RINOs And Their Habitat – Endangered Now, Extinct Soon?

February 24, 2010
By

The RINO (Republican In Name Only) is a large, Democrat-looking mammal that dates back to the Progressive era of about 100 years ago. In recent elections, RINOs have been relentlessly hunted to the point of being endangered.

Through movements such as the Tea Party, along with the conservative base of the Republican party, they are now facing the very real possibility of extinction.

While RINOs saw their numbers grow as they learned to co-habitate with donkeys and elephants, they began to see a decline in their population during the 1980s, a period known as the Era of Reagan. Even as they struggle to survive, only a few of their breed remain today.

RINOs exist in two subspecies, comprising a northern type and a southern type. As they evolved, it was believed that the southern species of RINO had already become extinct, but the election of Senators Lindsey Graham (NC) and Mel Martinez (FL) indicate that they are still thriving in that environment. 

The northern RINO has managed to survive by hiding out in the native habitat of the donkey. Olympia Snowe (ME) and Susan Collins (ME) have become the strongest of the northern species, but there have been casualties as well, such as Arlen Specter (PA). 

While rare, RINOs have even been spotted in the more remote areas of the American West. John McCain (NV) and Robert Bennett (UT) have managed to survive in this normally hostile environment. This population, however, has been the most severely threatened by the current political conflict and instability.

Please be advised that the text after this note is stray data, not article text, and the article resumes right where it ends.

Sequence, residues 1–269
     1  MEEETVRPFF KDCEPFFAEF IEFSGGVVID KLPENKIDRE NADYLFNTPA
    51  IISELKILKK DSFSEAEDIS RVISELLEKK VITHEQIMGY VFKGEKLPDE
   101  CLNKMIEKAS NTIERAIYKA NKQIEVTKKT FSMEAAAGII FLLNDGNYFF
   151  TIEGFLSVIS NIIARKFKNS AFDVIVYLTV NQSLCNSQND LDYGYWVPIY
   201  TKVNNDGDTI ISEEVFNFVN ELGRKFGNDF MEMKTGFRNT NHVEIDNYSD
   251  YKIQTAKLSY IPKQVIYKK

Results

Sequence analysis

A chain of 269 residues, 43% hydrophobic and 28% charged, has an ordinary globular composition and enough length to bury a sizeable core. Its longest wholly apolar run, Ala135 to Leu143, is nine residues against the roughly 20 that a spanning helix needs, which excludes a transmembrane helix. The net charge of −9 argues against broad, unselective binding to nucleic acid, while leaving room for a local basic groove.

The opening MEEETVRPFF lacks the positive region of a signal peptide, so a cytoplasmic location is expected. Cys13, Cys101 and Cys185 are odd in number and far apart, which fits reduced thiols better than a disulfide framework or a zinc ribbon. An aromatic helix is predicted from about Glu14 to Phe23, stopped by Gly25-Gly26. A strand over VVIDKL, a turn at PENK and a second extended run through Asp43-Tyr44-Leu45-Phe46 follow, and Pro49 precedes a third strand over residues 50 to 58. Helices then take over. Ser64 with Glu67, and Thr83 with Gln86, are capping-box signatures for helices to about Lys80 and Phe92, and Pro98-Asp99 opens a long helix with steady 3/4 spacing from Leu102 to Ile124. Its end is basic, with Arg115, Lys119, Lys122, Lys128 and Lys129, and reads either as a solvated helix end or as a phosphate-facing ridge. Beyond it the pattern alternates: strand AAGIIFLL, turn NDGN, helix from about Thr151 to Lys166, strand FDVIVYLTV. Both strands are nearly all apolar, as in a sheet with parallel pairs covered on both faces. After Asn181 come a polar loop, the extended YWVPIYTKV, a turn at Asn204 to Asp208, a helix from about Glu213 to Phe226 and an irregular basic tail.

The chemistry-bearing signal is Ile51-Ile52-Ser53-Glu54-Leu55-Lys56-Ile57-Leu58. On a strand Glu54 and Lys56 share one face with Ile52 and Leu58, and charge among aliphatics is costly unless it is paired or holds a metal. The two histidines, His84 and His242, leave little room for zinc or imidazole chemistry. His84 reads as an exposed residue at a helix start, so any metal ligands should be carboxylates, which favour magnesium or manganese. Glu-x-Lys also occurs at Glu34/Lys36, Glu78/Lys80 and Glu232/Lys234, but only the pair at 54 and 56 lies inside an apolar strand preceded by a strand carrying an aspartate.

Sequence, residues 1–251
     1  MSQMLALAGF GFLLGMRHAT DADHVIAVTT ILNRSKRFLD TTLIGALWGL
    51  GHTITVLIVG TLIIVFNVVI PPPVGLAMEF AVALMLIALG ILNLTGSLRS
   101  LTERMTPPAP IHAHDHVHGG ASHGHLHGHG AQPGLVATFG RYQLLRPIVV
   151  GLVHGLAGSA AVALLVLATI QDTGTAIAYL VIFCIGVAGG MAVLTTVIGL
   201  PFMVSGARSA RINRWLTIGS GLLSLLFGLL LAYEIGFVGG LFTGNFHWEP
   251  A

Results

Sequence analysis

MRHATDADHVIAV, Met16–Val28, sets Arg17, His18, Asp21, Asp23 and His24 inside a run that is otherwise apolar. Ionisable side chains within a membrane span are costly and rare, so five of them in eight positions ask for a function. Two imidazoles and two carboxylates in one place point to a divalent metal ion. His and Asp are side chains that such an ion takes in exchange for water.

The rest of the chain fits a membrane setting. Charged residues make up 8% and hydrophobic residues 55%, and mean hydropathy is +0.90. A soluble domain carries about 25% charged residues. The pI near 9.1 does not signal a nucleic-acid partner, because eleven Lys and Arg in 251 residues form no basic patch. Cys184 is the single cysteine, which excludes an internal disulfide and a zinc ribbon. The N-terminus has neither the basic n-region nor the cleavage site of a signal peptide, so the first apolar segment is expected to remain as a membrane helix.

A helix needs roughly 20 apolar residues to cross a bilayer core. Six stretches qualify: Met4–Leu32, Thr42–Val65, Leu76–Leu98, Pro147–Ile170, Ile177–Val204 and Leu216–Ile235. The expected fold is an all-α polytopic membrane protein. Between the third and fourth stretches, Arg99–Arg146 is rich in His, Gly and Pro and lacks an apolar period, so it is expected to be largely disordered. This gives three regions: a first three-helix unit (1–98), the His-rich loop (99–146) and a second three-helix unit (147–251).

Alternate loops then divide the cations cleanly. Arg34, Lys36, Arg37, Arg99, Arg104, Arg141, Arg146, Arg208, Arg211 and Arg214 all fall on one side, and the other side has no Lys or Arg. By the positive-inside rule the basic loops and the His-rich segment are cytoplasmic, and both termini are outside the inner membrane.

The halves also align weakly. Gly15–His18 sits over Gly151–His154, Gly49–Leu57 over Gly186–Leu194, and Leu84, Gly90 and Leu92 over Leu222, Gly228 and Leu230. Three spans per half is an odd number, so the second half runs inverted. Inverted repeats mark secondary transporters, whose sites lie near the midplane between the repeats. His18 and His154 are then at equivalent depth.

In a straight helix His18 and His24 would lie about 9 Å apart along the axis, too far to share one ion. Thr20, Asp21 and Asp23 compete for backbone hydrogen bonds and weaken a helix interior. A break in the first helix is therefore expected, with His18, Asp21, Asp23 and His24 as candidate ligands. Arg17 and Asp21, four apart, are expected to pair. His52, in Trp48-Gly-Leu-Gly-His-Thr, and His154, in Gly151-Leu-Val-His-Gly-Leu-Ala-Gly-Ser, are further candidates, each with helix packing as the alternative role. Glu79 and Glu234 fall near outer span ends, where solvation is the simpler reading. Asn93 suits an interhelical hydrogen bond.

Perhaps nothing is more of a threat to the survival of the RINO than the behavior they exhibit.

RINOs live in home ranges that sometimes overlap with other Republicans. They can be either solitary or gregarious and become rather ill-tempered when disturbed by Conservative members of the Republican party. They are rather short-sighted which is probably why they sometimes attack anyone who challenges them without apparent reason.

While considered less agile than Conservative Republicans, the RINO can quickly turn in a small space, allowing it to reverse itself a full 180 degrees on an issue when politically expedient. It’s this ability that makes them so dangerous, and is the primary reason for their endangered status.

For instance, under growing pressure from conservatives and “tea party” activists concerning his vote last year in support of the TARP Bill, John McCain made one of those quick turns as he claimed  he was “mislead” by then-Treasury Secretary Henry Paulson and Federal Reserve Chairman Ben Bernanke.

Even RINOs not yet in Washington find themselves on the verge of extinction. A special election in NY district 23 last year saw Dede Scozzafava lose to the Democrat running against her after the conservative candidate, Doug Hoffman, took votes from her. In Florida, Governor Charlie Crist’s staffers are jumping ship as he finds himself losing to Marco Rubio after leading by double digits just a few months ago. 

There are a myriad of political movements contributing to the demise of the RINO, so their dramatic decline in number should come as no surprise in an era of increasing conservatism and political awareness. 

They may be endangered now, but they could soon become extinct.  

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